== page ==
When key players get injured, that hurts a team. But it can also help a program, said Smith Center football coach Darren Sasse.


Last year, Smith Center lost three starters to injury but still made the Class 1A state championship game, where the Redmen came up short of winning their third straight title under Sasse.


"We definitely had some guys play last year that wouldn’t have gotten to play," Sasse said. "As a coach, you try to look at those injuries as a positive, because it helps build your future."


That future starts Friday, when the Redmen travel to Norton to take on the rival Bluejays in Mid-Continent League action. Sasse, 6-1 against Norton, is 68-15 overall in seven seasons, with the two state titles.


"Every year when we open up with league schools, you’re going to meet a good team," Sasse said. "(Norton) coach (Lucas) Melvin has a tremendous program going over there. Those kids have high expectations. You know you’re going to play against quality players, a really well-coached team."


Smith Center returns four starters on both offense and defense. Key returners include three seniors: wide receiver/defensive back Griffin Kugler; offensive lineman/defensive lineman Charlie Timmons; and halfback/defensive back Nate Hendrich. The Redmen will have a first-year starter at quarterback in junior Nathan Jaeger.


"They’re ones I think we’re going to have to lean on," Sasse said. "This year’s group has that memory of losing that last game. I think that motivated them over the summer."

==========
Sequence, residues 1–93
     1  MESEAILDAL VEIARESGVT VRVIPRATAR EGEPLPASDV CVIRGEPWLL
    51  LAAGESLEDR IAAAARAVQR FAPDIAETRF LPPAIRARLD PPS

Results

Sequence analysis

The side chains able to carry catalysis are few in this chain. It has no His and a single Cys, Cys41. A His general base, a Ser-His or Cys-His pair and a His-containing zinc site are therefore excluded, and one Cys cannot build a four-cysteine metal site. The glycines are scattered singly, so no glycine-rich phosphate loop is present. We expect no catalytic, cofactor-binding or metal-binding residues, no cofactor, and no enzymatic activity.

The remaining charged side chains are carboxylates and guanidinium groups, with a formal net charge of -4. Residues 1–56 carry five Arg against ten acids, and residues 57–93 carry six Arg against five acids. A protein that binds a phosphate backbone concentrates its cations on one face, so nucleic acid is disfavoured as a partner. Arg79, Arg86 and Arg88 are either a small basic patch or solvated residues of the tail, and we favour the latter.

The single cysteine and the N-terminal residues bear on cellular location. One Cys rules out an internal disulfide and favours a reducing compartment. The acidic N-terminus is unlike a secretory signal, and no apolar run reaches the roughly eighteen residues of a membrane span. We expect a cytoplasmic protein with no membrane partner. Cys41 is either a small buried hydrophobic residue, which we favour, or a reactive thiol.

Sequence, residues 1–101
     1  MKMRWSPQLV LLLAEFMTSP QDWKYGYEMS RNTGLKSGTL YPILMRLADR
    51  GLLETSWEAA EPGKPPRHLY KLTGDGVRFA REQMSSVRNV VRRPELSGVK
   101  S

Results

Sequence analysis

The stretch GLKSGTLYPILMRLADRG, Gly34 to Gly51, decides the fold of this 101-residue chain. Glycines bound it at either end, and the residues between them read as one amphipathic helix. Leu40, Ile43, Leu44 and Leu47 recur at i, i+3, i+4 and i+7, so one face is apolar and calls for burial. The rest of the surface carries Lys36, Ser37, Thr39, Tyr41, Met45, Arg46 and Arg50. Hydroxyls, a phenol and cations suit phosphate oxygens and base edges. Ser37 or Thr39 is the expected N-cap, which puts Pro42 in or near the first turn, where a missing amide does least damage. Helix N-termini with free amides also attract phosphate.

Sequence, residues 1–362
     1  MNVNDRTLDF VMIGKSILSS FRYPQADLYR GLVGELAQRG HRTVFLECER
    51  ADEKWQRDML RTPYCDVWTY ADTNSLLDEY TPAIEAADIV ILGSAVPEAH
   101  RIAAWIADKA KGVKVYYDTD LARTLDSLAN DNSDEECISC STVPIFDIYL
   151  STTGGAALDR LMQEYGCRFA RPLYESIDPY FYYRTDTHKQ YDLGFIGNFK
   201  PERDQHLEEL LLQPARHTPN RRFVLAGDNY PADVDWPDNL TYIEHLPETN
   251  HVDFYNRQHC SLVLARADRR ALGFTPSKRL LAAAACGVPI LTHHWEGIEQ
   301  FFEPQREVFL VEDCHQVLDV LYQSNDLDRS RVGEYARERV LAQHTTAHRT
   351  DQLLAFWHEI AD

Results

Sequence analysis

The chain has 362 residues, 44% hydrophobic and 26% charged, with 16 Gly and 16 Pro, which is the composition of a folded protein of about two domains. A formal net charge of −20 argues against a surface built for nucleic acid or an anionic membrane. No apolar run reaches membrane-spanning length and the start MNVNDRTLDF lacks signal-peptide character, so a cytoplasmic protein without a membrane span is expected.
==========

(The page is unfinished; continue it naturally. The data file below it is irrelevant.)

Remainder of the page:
Smith Center’s history of success under Kansas Hall of Fame coach Roger Barta has continued under Sasse. The program has 10 state championships overall and also won 79 straight games under Barta. But while that tradition of success is important, Sasse is not sure how much that translates to today’s players.


"These kids only remember the last couple years," said Sasse, a 1991 Smith Center graduate who played for Barta. "When you bring up the past, they don’t know a whole lot about it.


"I think they know we’ve had success, but so much of that is before they were born," he added. "I think they feel there are expectations that come with that."


Sasse remembered something Barta once said in the midst of the program’s long winning streak.


"When coach Barta was in that 79-game streak, somebody said it had to end, eventually," Sasse said. "He said, ‘Why does it?’ You don’t coach to lose, so why plan for it. Obviously, it did end, but you coach to win the next game."